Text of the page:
So what is a wedding dress contract? Well, it’s a document you have to sign with the salon before buying a dress. Since they’re making this dress especially for you, it clearly outlines the details of your purchase. It will include the dress style, the color, the size, the delivery date and any alterations to the original design you’re requesting.
The first thing you’ll want to do is to read the fine print, just like you would any other legal document. We’ve seen wedding dress contracts that state the designer can make alterations to your dress without your consent, so make sure you know what you’re getting yourself into before you sign over your rights and hand over your money.
Also, double-check all the information on the salon/dressmaker’s contract. If it contains incorrect information and you sign it, the fault is yours. You could end up getting the wrong wedding dress (or the wrong size or color) and there will be nothing you can do about it.
Depending on your dress and changes you might make to it, there may be extra charges added to your final amount. This is the time to get all these extras listed with the costs.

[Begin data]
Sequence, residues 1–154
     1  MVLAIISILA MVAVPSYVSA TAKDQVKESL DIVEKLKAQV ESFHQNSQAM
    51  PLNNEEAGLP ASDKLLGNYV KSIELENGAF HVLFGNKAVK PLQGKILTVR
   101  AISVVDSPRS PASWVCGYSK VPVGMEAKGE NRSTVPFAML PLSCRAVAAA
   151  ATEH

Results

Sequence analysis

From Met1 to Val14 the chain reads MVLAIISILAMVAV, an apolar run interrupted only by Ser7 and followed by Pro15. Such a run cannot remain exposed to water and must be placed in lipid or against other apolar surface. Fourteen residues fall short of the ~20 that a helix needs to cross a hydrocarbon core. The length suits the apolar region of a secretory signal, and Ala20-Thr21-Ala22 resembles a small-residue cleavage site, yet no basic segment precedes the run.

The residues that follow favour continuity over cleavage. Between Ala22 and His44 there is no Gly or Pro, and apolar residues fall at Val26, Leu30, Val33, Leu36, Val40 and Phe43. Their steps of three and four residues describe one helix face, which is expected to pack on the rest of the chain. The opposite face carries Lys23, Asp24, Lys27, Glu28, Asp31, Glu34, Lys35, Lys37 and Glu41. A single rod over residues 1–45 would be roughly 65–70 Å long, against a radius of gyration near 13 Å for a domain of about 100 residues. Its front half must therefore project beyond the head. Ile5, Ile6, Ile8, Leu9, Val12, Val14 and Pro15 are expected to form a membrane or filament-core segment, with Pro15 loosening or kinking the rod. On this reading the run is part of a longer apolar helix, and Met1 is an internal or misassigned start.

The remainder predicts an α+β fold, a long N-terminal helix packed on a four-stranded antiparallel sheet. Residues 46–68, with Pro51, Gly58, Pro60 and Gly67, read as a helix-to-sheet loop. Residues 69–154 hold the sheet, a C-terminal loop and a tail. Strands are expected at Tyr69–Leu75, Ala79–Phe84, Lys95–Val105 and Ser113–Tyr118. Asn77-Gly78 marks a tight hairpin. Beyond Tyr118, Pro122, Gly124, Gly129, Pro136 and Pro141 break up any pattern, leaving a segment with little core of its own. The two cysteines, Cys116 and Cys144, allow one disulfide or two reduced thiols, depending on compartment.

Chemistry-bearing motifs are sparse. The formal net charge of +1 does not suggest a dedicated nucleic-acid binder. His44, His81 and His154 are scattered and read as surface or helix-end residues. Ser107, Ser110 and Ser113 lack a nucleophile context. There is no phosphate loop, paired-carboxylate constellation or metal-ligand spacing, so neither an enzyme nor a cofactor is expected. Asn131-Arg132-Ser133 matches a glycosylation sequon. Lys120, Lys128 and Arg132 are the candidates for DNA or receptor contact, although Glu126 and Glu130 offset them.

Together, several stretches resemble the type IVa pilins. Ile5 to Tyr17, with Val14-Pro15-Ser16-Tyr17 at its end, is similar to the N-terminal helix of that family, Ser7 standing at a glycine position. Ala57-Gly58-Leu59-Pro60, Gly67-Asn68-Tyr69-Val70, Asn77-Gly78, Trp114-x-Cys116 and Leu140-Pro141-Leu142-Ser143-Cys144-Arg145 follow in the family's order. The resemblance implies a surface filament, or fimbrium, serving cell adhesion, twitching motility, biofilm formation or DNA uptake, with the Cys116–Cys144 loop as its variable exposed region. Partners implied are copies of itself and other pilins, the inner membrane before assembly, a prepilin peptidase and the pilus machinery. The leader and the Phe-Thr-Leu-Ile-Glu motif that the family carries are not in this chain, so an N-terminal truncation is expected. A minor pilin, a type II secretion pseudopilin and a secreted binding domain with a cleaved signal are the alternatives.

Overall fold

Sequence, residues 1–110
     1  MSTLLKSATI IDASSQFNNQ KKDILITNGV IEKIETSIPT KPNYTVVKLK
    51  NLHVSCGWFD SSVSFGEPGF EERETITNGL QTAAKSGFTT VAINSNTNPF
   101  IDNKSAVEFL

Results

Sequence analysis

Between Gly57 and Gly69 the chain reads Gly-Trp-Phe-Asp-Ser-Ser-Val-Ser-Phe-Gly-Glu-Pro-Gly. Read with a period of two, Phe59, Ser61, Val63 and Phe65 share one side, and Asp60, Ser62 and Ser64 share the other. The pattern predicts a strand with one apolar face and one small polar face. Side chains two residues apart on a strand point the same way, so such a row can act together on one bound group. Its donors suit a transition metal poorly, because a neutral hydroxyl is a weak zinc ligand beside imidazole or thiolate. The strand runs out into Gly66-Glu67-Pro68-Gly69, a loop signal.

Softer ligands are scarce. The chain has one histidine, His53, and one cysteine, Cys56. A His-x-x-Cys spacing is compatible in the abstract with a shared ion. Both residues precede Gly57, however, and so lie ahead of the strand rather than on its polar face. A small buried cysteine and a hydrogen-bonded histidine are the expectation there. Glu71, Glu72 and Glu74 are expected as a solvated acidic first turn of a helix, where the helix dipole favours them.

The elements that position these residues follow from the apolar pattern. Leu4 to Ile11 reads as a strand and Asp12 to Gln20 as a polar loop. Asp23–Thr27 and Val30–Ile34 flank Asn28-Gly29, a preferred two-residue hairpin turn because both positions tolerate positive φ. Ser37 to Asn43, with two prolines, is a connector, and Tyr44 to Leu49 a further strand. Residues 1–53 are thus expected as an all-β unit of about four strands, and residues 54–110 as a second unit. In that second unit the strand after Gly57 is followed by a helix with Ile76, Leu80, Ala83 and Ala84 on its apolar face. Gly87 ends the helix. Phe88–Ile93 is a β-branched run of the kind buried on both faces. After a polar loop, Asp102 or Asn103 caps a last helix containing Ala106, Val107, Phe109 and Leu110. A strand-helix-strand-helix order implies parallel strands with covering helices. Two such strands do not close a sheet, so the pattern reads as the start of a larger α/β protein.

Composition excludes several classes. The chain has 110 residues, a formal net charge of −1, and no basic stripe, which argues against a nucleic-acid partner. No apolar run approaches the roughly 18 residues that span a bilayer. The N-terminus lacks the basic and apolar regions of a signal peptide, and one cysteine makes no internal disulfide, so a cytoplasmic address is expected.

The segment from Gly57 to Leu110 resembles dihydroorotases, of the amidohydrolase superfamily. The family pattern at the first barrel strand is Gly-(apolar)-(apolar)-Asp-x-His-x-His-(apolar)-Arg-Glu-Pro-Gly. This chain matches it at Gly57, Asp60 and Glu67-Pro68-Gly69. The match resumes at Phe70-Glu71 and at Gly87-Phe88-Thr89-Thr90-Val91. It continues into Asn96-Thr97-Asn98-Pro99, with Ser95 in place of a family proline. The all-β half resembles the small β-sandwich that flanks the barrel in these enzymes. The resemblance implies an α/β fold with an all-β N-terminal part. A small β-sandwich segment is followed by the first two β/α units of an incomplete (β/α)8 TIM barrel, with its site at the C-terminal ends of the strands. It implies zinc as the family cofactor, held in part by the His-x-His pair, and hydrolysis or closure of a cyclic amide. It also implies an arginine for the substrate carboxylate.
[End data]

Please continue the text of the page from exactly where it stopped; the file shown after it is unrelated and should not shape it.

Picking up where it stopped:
When you sign the contract, you’ll also need to leave a deposit for the dress. This can vary: Kleinfeld Bridal in New York City, for example, requires a 60 percent deposit to put in the order, and the remaining balance is due when the gown arrives from the designer.
Your contract should include all of the following information (don’t forget to double-check for both spelling and accuracy of details):
- Salon name
- Address and phone number
- Names of the consultants who assisted you
- Date and time of purchase
- Total amount
- Extra charges
- Amount of deposit
- Amount still owed
- Date balance is to be paid
- How many fittings are included in the price (if any)
- Cost of each additional fitting
- Means of payment
The Dress Details
- Designer name
- Style number or name
- Size/measurements sent to manufacturer
- Expected delivery date
- Date of first fitting
- Name of seamstress/tailor